This autumn is a historic one for the southeast of the Făgăraș Mountains, where after more than 100 years, the beaver will return home to the Dâmbovița, Argeșel and Târgului rivers, Argeș county, at the initiative of the Conservation Carpathia.
After two years of scientific and socio-economic studies and thousands of hours spent in the field, in the south of the Făgăraș Mountains, this autumn the first beaver families will return to one of the richest areas, from a natural perspective, in Romania, in an extensive programme to reintroduce this charismatic species. The plan is to reintroduce a total of 90 beavers over the next three years, throughout the implementation of the project funded by the European Commission through the LIFE Nature program (“Creating a wilderness area in southern Carpathian Mountains, Romania”, LIFE18 NAT / RO / 00108).
70 of these beavers will be captured and relocated from the Olt River, an area where they have developed a healthy and viable population, and the remaining 20 will come from the existing population on the Elbe River to ensure genetic diversity. Accordingly, these actions will be carried out annually, in spring and autumn, when it is possible to intervene with beaver families without producing imbalances in their structure.
Beavers will initially be marked with transmitters so that they can be monitored.
“The relocation and monitoring process will take place with consideration for primarily the biology and ethology (behaviour) of this species,” said Liviu Ungureanu, Conservation Carpathia Beaver specialist. “In this context, the relocation periods will be in the spring and in the first two months of autumn, so as not to endanger survival in the areas where they will be relocated. The whole process will be closely monitored at all stages (capture, transport, release and subsequent monitoring). What we want is to be able to implement this project with minimal damage to this species,” continued Liviu Ungureanu.
Why introduce the beaver in the south of the Făgăraș Mountains?
Conservation Carpathia has carried out a series of studies over the last few years, both on living conditions and on the attitude of locals towards beavers. According to them, most respondents welcome the return of beavers, as was also the case regarding the return of bison in the area. Thus, the specialists of the foundation chose the best areas for the reintroduction of the beaver, places away from the communities, so that the beavers keep away from villages and people.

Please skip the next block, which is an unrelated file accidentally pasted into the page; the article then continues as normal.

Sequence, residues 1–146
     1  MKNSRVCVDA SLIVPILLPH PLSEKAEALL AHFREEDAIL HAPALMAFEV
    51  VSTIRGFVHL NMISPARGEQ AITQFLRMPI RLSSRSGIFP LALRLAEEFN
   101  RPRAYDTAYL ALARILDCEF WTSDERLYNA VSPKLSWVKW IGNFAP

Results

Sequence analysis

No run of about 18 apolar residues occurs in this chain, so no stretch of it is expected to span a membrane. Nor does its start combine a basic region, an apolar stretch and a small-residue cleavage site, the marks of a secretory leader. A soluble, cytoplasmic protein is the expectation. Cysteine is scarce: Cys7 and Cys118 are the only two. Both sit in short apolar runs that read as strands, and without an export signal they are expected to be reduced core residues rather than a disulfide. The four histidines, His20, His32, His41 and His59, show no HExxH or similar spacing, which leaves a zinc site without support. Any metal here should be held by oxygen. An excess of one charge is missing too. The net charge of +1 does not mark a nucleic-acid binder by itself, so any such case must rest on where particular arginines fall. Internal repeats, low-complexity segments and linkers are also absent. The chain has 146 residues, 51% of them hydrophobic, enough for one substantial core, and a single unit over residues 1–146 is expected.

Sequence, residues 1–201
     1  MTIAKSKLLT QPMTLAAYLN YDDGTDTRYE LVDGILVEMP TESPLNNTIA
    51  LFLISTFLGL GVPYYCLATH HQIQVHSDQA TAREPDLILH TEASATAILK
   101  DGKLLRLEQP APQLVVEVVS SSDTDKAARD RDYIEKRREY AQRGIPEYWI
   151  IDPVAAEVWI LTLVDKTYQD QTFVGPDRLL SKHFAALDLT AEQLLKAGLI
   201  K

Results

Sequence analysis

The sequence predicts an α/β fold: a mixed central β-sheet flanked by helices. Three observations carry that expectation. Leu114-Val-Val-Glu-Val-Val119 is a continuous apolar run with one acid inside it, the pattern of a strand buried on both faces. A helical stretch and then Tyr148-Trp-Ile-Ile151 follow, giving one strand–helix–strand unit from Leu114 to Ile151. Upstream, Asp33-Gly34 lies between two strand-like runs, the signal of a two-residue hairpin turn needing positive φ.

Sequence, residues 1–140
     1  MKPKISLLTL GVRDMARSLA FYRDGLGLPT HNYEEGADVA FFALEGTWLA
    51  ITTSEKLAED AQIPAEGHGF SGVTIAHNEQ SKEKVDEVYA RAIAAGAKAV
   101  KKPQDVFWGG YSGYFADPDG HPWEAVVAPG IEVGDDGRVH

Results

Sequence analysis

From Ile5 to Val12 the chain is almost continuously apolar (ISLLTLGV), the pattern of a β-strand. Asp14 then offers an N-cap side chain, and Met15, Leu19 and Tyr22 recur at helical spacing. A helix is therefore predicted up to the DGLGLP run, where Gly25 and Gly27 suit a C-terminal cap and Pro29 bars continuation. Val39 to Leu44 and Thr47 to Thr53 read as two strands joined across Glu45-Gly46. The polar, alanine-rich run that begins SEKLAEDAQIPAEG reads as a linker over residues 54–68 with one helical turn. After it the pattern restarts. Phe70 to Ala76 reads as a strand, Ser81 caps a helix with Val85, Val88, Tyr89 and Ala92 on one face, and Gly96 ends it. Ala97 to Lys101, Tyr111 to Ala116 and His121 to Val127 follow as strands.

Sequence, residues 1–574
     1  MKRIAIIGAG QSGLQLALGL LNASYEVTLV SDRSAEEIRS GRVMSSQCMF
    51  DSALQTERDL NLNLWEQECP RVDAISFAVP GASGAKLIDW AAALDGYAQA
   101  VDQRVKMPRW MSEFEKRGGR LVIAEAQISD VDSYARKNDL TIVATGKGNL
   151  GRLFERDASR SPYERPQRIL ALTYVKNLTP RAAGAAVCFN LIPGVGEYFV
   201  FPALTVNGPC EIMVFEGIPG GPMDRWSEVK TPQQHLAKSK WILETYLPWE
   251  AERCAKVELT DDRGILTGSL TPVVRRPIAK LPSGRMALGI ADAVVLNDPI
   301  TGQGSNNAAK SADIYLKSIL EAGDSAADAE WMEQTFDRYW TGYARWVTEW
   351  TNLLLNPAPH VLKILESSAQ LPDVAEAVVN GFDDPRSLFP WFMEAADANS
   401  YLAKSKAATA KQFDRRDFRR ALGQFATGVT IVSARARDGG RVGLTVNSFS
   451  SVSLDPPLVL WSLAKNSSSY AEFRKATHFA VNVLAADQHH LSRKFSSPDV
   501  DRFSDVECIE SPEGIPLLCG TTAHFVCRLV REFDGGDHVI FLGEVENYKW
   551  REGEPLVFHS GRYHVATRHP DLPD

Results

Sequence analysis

“This true builder and landscaper has the ability to build dams and create water reserves, thereby changing the configuration and characteristics of the environment. It creates favourable environments for hydrophilic plants and contributes to the revitalization of some areas, and is a mammal beneficial for biodiversity,” said Adrian Aldea, wildlife manager Conservation Carpathia.
The beaver is nicknamed the “ecosystem engineer” for its ingenuity in building a mosaic of natural surfaces where it retains water and expands wetlands, so necessary in the current conditions of climate change and prolonged droughts.
Among the benefits of the presence of beavers in the southeast of the Făgăraș Mountains, we can highlight the contribution to the purification and filtration of water with the help of the dams they build, generating sediments and nutrients. They also increase the natural richness of the area by creating wetlands, whole areas rich in nature, which provide food and shelter for other species: birds, fish, insects and amphibians. In addition, beavers help to expand wetlands and increase the capacity of land to store more water, so they can significantly reduce the flow rate and even stabilize the volume of water after heavy rains, mitigating the effect of flooding. But their activity can also help sustain an optimal flow of water in times of drought.
In addition to its invaluable natural value, the beaver is also a true tourist ambassador. Its presence in the area can attract thousands of visitors a year, lovers of nature and beauty, people who want to know this species and learn as much as possible about it. In this sense, during the next period, the foundation will set up three tourist information centres in Rucăr, Lerești and Nucșoara, Argeș County, centres where those interested will have the opportunity to enjoy and learn about this species and its role in nature.